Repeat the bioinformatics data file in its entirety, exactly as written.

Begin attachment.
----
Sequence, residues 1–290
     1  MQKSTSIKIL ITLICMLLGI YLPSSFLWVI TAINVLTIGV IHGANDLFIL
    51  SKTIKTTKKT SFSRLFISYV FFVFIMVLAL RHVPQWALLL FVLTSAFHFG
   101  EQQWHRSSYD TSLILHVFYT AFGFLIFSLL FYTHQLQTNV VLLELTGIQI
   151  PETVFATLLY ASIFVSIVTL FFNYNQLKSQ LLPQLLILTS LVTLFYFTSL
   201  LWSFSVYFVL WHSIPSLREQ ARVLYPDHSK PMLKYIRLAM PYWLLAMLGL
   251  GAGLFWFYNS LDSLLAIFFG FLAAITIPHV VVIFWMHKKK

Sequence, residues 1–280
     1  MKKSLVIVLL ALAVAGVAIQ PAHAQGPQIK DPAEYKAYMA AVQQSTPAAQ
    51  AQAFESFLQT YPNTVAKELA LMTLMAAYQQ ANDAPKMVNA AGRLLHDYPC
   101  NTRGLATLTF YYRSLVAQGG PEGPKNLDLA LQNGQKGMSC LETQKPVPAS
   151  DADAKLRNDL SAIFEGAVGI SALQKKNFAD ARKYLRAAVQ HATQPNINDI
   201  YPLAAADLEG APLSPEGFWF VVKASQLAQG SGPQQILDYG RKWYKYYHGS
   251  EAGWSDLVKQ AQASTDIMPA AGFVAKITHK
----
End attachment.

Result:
Sequence, residues 1–290
     1  MQKSTSIKIL ITLICMLLGI YLPSSFLWVI TAINVLTIGV IHGANDLFIL
    51  SKTIKTTKKT SFSRLFISYV FFVFIMVLAL RHVPQWALLL FVLTSAFHFG
   101  EQQWHRSSYD TSLILHVFYT AFGFLIFSLL FYTHQLQTNV VLLELTGIQI
   151  PETVFATLLY ASIFVSIVTL FFNYNQLKSQ LLPQLLILTS LVTLFYFTSL
   201  LWSFSVYFVL WHSIPSLREQ ARVLYPDHSK PMLKYIRLAM PYWLLAMLGL
   251  GAGLFWFYNS LDSLLAIFFG FLAAITIPHV VVIFWMHKKK

Sequence, residues 1–280
     1  MKKSLVIVLL ALAVAGVAIQ PAHAQGPQIK DPAEYKAYMA AVQQSTPAAQ
    51  AQAFESFLQT YPNTVAKELA LMTLMAAYQQ ANDAPKMVNA AGRLLHDYPC
   101  NTRGLATLTF YYRSLVAQGG PEGPKNLDLA LQNGQKGMSC LETQKPVPAS
   151  DADAKLRNDL SAIFEGAVGI SALQKKNFAD ARKYLRAAVQ HATQPNINDI
   201  YPLAAADLEG APLSPEGFWF VVKASQLAQG SGPQQILDYG RKWYKYYHGS
   251  EAGWSDLVKQ AQASTDIMPA AGFVAKITHK